Stocking drive for Sandy Shore victims

Photo by Ron LeirGeorge McDermott, who originated the stocking project.
Photo by Ron Leir
George McDermott, who originated the stocking project.


By Ron Leir

Observer Correspondent


For those of you not already consumed by holiday shopping, you should check out several red stockings circulating through the borough.

They’ve got white script lettering spelling out “Xmas 4 The Shore.”

As the name suggests, it’s aimed at providing some relief for the Jersey Shore victims of the Sandy Super Storm and a posting on the borough web site explains its intent.

“In an effort to bring Christmas spirit to families in the shore area affected by Hurricane Sandy, a stocking has been hung at the North Arlington Police Department in the dispatch area. We are requesting residents donate gift card(s) of any amount from any major department store or supermarket. Gift cards (in denominations of $5 and up) may be placed in the stocking on the wall in the dispatch area.”

Deadline for contributions is Dec. 22. Anyone still with a stocking that day may call or text 201-954-6144 by 8 p.m. and request a pickup.

“On Saturday, Dec. 23, your Christmas spirit will be given to families affected by Hurricane Sandy in the Shore area. The gift cards will be given to families from Seaside Heights, Seaside Park, Atlantic Highlands, Ocean Beach, Cliffwood Beach.”

There’s at least one other place gift cards are being welcomed: The Angry Bean, 89 Ridge Road, also has a stocking hanging there, ready to receive any and all donated cards.

Three other residents – Gina Bianchi Choinski and Valerie and Barbara, wives of North Arlington police officers – also volunteered to be stocking messengers. Once they’ve made a “deposit” in their stockings, they’re asked to pass them along to neighbors, friends and/or family members “to continue the spirit of giving” to Shore victims.

The stocking drive is the brainchild of North Arlington resident George McDermott, a 16-year borough police dispatcher who has served with the North Arlington Volunteer Emergency Squad (NAVES) for 21 years.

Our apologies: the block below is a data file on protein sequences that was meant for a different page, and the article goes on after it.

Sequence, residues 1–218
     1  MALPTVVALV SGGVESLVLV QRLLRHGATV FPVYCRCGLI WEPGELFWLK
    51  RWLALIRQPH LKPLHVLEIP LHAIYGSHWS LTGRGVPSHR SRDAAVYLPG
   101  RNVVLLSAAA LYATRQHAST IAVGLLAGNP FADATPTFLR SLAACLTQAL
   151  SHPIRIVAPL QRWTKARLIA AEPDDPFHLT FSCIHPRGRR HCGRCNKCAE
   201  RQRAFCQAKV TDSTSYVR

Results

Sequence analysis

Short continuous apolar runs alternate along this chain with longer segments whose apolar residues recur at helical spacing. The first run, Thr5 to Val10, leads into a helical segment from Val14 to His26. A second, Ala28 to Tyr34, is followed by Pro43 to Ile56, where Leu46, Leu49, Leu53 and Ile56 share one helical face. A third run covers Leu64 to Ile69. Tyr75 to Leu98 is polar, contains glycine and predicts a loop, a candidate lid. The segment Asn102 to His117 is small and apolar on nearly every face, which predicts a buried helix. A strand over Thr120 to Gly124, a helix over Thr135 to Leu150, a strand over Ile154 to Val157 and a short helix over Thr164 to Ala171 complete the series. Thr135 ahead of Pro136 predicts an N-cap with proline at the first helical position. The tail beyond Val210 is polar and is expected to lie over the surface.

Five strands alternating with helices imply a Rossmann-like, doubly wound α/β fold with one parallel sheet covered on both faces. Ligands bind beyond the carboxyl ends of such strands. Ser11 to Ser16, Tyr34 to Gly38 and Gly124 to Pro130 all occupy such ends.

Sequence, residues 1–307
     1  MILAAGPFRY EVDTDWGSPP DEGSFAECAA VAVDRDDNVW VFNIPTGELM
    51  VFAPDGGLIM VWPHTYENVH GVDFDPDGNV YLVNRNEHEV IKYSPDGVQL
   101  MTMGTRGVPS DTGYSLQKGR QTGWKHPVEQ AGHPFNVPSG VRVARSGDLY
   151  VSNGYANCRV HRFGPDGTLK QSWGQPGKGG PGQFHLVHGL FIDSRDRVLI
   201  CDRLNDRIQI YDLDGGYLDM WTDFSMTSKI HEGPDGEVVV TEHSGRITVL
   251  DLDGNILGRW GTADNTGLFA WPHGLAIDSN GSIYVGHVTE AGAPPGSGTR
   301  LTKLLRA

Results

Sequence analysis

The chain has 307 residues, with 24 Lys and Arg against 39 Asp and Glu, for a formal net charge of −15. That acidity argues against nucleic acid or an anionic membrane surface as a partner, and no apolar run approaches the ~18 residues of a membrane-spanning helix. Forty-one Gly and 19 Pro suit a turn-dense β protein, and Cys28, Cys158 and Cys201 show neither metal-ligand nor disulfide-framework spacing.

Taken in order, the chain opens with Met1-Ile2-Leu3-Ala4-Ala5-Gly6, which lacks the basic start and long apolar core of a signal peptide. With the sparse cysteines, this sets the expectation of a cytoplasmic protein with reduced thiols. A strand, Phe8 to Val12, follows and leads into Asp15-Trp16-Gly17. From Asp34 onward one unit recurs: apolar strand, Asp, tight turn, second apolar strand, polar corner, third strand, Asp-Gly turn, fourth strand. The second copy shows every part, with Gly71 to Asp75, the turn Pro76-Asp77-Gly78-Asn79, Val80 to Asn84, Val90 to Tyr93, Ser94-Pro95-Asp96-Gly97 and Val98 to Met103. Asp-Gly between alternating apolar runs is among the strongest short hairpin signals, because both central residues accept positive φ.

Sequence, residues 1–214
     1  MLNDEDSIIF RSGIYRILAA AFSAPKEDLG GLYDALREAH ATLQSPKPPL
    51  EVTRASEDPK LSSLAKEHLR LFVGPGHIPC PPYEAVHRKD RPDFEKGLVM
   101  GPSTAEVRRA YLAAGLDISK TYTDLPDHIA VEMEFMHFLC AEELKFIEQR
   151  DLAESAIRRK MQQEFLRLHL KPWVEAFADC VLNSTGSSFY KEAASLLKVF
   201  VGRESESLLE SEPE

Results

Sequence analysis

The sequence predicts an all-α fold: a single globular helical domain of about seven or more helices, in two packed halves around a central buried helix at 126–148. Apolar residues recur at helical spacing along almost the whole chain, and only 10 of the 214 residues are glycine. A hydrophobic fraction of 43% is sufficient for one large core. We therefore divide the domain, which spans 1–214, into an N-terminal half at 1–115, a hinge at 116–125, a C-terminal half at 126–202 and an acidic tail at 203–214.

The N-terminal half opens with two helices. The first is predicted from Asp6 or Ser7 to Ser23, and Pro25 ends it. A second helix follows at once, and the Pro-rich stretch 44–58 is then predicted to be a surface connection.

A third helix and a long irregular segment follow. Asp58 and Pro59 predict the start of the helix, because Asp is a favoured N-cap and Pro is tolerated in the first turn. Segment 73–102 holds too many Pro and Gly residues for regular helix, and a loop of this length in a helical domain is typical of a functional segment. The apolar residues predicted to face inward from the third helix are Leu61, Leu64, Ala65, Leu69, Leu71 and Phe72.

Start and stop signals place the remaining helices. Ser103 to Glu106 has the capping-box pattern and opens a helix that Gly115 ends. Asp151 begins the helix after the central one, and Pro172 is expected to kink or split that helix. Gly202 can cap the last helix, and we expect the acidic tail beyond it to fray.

“So far, we’ve raised (the equivalent of) $1,000 from the donations made at police headquarters,” McDermott said last week. “And the Queen of Peace High School Class of ’87 (he’s a member) has contributed $500 worth.”

Borough-wide, the total value of contributions amounts to about $2,000, according to McDermott, who said. “My goal is to reach $5,000.”

McDermott said needy families will be identified “through churches and contacts we’ve made in the area.”

After Sandy hit, walloping the Northeast and the communities along the Jersey Shore, in particular, McDermott joined NAVES colleagues Jennifer Wong, an R.N., and squad president Linda Fox on a mission of mercy to devastated Shore towns where some Q of P alumni now live.

“We went to Monmouth Racetrack and the Tent City that the National Guard had set up for people displaced from various towns and we reported to Maj. Anthony Freda, Logistics Officer with the 4th Cavalry Brigade, headquartered in Fort Knox, Ky.,” McDermott said.

Working side by side with folks from Louisiana EMS units and local students whose schools had been stripped of power by the storm, they were assigned to distribute bottles of water and K-rations to desperate residents and to provide any medical assistance needed.

“When I was in high school, I used to work for Mario’s Pizza in Kearny and Mario later relocated his business and home to Lavallette,” McDermott said. “Well, when Sandy hit, Mario was in Italy and couldn’t get back; meanwhile, his son was forced out of his home and ended up in Tent City.”

Altogether, McDermott reckoned, the North Arlington contingent probably spent a total of 150 hours spread over several weeks as part of the volunteer Shore recovery effort.

On Dec. 1, McDermott kicked off the North Arlington gift card campaign after purchasing the stockings at the mall.

“With the holidays coming up,” he said, “people who lost their homes are not going to have anything to give as gifts. By doing these collections, we get to utilize other people’s kindness to give the Shore residents a choice to buy what they like.”

Seeing the extent of the destruction was a sobering experience for McDermott. “My family had some inconveniences from Sandy but we didn’t lose homes, memories, possessions like the Shore people did. Sections of our lives weren’t completely lost like them,” he said.

“Their local social service agencies were wiped out so they needed people from outside to help,” McDermott said. “It was a lesson in humility. … You’d see a mother holding her baby not knowing where to turn, not having any clothes for her.”

So members of the North Arlington Volunteer Fire Department Ladies Auxiliary organized a clothing drive.

“They went down with two truckloads of clothes and personal effects which they delivered to Park East, a restaurant in Hazlet used as a staging area, and, from there, the supplies were distributed to residents in need,” McDermott said.

Watching the outpouring of volunteer support, literally from all over the country, was awe-inspiring for McDermott. “God must have opened the gates,” he said. “Angels came out everywhere.”

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